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has all gone now. Saturday morning there was still a fair bit in my soon-to-be-former landlord’s garden, and this pheasant sat for ages on their bird table, looking bemused:

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If we hadn’t been packing I would have gone out and taken photos, but my walk had to wait ’til the afternoon, by which time the thaw was well underway. By Sunday afternoon all the walks in these photos were deep in mud and sloshy meltwater, less attractive. (And yes, the wide photo was me trying to use the digital panorama setting, hence the dark streak down the middle where the clouds changed while I tried to line it up!)

Landscape

 

Knitting with Noro

Snowing in London this morning! A fairly rare event, despite what Hugh Grant and Richard Curtis films would have you believe.

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A while ago the knitting and sewing shop in the village where I lived closed down its main shop, focusing on online sales and leaving a small shop tucked off the main street and not open on Saturdays, so I can hardly ever go in. When it was selling off its stock I bought some Noro Kureyon yarn in a gorgeous shade of exotic pinks, reds, and less exotic navy, with a little turquoise and oddly the odd speck of white mixed in.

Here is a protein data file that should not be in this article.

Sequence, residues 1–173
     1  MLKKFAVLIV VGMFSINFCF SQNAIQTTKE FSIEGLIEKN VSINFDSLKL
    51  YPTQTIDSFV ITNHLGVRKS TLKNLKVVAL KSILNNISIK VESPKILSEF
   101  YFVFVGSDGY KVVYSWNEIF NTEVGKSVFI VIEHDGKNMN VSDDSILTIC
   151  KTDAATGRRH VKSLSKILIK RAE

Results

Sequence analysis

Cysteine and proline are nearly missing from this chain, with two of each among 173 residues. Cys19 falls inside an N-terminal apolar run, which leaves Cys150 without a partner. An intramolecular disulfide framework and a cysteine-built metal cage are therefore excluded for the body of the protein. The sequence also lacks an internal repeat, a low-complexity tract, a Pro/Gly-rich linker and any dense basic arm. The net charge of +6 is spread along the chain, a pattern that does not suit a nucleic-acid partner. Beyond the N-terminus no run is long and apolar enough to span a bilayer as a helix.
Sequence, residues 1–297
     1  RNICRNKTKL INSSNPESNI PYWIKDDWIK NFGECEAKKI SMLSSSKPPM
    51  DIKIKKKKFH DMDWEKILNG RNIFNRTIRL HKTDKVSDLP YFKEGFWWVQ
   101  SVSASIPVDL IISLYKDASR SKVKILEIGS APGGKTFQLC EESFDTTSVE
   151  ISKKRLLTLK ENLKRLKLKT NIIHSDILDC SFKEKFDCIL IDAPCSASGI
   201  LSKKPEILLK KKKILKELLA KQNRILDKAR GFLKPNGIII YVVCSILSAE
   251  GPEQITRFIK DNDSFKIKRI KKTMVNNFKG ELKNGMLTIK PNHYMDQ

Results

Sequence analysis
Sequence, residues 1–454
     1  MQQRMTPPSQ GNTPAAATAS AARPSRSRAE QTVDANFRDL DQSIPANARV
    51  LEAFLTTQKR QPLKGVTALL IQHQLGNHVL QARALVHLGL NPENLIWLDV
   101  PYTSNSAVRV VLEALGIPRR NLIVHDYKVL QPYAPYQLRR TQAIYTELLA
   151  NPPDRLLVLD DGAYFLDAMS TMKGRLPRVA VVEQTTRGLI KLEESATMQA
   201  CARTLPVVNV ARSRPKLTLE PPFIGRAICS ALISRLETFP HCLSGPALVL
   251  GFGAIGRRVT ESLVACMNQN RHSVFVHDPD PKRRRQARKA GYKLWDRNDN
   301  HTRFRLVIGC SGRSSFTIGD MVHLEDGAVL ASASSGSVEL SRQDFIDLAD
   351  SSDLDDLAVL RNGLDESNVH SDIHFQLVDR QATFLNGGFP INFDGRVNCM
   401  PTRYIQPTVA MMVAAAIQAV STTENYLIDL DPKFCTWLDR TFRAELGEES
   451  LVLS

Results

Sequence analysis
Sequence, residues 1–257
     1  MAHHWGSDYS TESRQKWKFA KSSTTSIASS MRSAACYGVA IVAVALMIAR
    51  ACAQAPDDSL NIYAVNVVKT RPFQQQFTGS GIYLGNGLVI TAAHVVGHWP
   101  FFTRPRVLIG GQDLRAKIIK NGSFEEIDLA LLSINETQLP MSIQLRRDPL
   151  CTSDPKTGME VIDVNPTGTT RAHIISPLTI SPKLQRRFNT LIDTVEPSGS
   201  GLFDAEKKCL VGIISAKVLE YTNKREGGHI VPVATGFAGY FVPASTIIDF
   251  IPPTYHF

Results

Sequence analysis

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I found a pattern online for an entrelac jumper, which I’ve never done before but really fancied, particularly as I remember Mum having one when I was younger which I loved. This December I decided to start work on it, but the more I looked at the photo of the finished item on the front of the pattern, the more I thought it looked square and blocky and wouldn’t suit me. I’m basing that on a jumper I knit before in Noro Kureyon of a similar shape and it just doesn’t hang right on me, partly because it’s quite a thick yarn and felts a bit after washing, so doesn’t drape well. Also, the sizings were enormous, with a 40 inch chest being the size for an 8-9 year old! Even liking a loose fit as I do, I’d be swamped in it unless knitting a child’s size, which I thought would get confusing to adjust for sleeve lengths and maybe arm openings. However, the pattern’s here and free to download:  Entrelac pattern (https://www.loveknitting.com/entrelac-jumper-in-noro-kureyon).

After you’ve no idea how much searching online, I eventually found an alternative pattern I liked. Part of the difficulty, I should explain, is that in one of life’s nasty ironies I’ve developed a reaction to wool so that the back of my neck gets an itchy rash, even if I’m wearing a wool coat, so I can’t wear rollneck jumpers any more, which cuts out a high proportion of the patterns available. This one is designed by Claudia Wersing, in Germany, but there is the option of having instructions in English and one can download it as a pdf, which is great.